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What to Look for in the NL Wild Card Game

The San Francisco Giants rode a season-ending sweep of the Los Angeles Dodgers to secure the second wild card spot and a date with the New York Mets in Queens on Wednesday night

After a stellar first half, the San Francisco Giants struggled mightily after the All-Star break, leading many to wonder if the team would even make the playoffs, and if they even deserved to. Well, they're in. At least for one game. 

With Madison Bumgarner set to take the ball at Citi Field against Mets ace Noah Syndergaard, the Giants have the man they want starting this game. In the 2014 Wild Card game Bumgarner went nine scoreless frames against the Pirates, allowing just four hits and a walk while striking out a dozen. Another complete game from the 27 year old would mask the team's biggest recent weakness in their bullpen. 

This season against New York the Giants southpaw has a 3.27 ERA in two starts, spanning eleven innings. That includes a scoreless six inning outing at Citi Field on May 1. The one concern for Giants fans may be the fact that the Mets have done a good job of working Bumgarner's pitch count this season, which could lead to the bullpen making an appearance and making this game a bit more exciting. 

Syndergaard has also had a a couple of impressive outings against San Francisco this year, posting a 2.63 ERA over 13 2/3 innings. The Giants touched him up for four runs over 5 2/3 in his May 1 matchup with Bumgarner, but he rebounded nicely against San Francisco in his more recent at AT&T Park, going eight scoreless innings over two hit ball. 

If Syndergaard has his slider working on Wednesday night, that could spell trouble for the Giants bats. Per Baseball Savant, of the 612 sliders that the right-hander threw this season, 176 of them were swung on and missed. Buster Posey has seen his worst in-zone exit velocity against pitches down and away, which is exactly where you want to throw a slider. A resurgent Brandon Belt could be a difference maker against the Mets ace, as he has hit five of his 17 home runs this season down in the zone and in the middle of the plate. If he gets a slider that doesn't quite finish breaking, he could do some damage with his bat. 

On the down side, Belt has been susceptible to pitches up in the zone, and Thor's fastball runs at 97 miles per hour. Hunter Pence has had trouble over the last month making contact with pitches up and just outside of the zone, which could lead to a steady diet of fastballs in the attempt to get him to chase. 

Expect this to be a low scoring affair that may very well come down to a battle of the bullpens. If that's the case, the Giants bullpen on the year had a very comparable ERA for the season at 3.65 to the Mets' 3.53, but according to FanGraphs New York's relievers were responsible for nearly four and half more wins above replacement, which includes a 2.1 WAR over the past 30 days. Sergio Romo is the only reliever right now that inspires anything close to confidence for the Giants, and the innings it takes to get from Bumgarner to Romo may just be matchup based, with Will Smith and Steven Okert being two of the more likely options to be used.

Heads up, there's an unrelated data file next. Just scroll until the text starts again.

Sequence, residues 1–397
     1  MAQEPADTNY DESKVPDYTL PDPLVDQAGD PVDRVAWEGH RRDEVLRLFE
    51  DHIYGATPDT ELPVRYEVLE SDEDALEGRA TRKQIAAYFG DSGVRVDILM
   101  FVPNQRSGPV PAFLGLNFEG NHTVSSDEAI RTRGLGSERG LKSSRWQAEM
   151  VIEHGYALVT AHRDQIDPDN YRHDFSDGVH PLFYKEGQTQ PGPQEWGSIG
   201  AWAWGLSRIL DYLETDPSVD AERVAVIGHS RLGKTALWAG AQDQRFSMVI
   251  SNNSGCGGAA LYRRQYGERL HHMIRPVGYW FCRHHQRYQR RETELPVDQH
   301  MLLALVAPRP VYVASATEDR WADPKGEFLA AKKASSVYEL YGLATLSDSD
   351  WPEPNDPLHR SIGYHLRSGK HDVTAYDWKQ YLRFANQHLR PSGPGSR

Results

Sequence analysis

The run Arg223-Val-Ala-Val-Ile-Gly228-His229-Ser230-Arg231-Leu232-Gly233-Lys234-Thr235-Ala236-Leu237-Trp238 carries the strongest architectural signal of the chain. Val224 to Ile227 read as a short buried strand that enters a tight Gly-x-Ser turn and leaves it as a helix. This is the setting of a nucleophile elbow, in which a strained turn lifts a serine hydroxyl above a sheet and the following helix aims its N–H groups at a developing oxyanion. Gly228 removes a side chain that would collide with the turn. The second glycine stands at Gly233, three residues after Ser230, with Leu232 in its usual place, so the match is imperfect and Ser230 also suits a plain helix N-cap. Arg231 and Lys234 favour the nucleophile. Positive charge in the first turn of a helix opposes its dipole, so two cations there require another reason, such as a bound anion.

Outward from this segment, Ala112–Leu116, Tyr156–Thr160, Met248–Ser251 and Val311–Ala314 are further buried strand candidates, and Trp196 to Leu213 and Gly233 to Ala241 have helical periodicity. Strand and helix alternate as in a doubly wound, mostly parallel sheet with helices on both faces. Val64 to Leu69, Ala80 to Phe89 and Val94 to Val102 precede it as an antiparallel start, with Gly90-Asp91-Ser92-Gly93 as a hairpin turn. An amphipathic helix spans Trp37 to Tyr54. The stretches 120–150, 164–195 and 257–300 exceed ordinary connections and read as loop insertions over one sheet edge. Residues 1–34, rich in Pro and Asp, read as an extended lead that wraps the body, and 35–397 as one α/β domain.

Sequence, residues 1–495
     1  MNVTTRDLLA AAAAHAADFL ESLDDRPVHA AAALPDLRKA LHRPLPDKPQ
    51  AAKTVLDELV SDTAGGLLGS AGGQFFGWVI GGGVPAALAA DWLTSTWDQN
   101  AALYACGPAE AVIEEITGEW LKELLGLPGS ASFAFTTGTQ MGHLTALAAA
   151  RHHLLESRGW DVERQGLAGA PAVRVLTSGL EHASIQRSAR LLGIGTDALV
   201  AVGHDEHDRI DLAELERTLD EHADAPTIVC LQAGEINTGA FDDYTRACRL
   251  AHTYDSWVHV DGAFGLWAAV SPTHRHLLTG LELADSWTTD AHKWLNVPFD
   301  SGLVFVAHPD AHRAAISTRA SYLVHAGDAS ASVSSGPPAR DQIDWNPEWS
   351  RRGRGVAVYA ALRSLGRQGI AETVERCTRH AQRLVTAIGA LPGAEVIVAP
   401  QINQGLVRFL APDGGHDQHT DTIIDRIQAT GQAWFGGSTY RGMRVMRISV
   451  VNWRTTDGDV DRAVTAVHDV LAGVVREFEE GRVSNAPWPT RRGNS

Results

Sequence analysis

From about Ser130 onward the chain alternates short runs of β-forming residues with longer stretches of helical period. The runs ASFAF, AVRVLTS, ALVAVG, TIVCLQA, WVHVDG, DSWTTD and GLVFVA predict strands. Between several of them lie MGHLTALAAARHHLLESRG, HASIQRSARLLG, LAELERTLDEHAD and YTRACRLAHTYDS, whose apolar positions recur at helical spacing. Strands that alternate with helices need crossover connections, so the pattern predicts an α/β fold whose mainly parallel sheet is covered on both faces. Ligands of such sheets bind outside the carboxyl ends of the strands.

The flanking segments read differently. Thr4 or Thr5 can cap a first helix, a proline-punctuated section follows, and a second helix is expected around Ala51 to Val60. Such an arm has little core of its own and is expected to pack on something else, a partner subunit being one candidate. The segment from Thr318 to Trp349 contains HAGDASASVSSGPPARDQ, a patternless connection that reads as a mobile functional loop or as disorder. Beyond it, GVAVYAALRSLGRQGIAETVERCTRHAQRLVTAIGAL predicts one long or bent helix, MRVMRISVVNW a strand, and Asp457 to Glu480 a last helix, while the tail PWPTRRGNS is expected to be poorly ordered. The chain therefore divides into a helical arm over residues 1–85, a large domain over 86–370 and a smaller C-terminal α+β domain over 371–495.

All things considered, this won't be a cake walk for the Giants by any means, but if Bumgarner pitches like he tends to do in the postseason (career 2.14 ERA, 1.03 in 2014 postseason), then it's going to be extremely hard to pick against the Giants in this one. With the sheer number of injuries that the Mets have been facing to their rotation, and some key regulars, a one-game playoff doesn't sit in the favor of the Giants. But, Wilmer Flores, who has crushed left-handed pitching this season (.340 batting average, 11 home runs, 28 RBI) will be out due to injury, leaving the bats to worry about at Yoenis Cespedes and Asdrubal Cabrera. Justin Ruggiano, who has hit Bumgarner very well in his career, is also on the 60 day D.L. and will be unavailable for the game. 

Cespedes is 3-for-10, while Cabrera is 2-for-4 in a small sample size. Jay Bruce has taken him deep once in 21 at-bats, but is batting .143 overall. All it could take is one swing of the bat to change the game and the Mets finished second in the National League in home runs, putting up 88 more than San Francisco over the course of the season. Even with that disparity, the Giants ended up scoring more runs than New York in 2016. The Giants don't need the long ball to win games. All they need is a solid outing from their ace, and the offense to put up a couple. 

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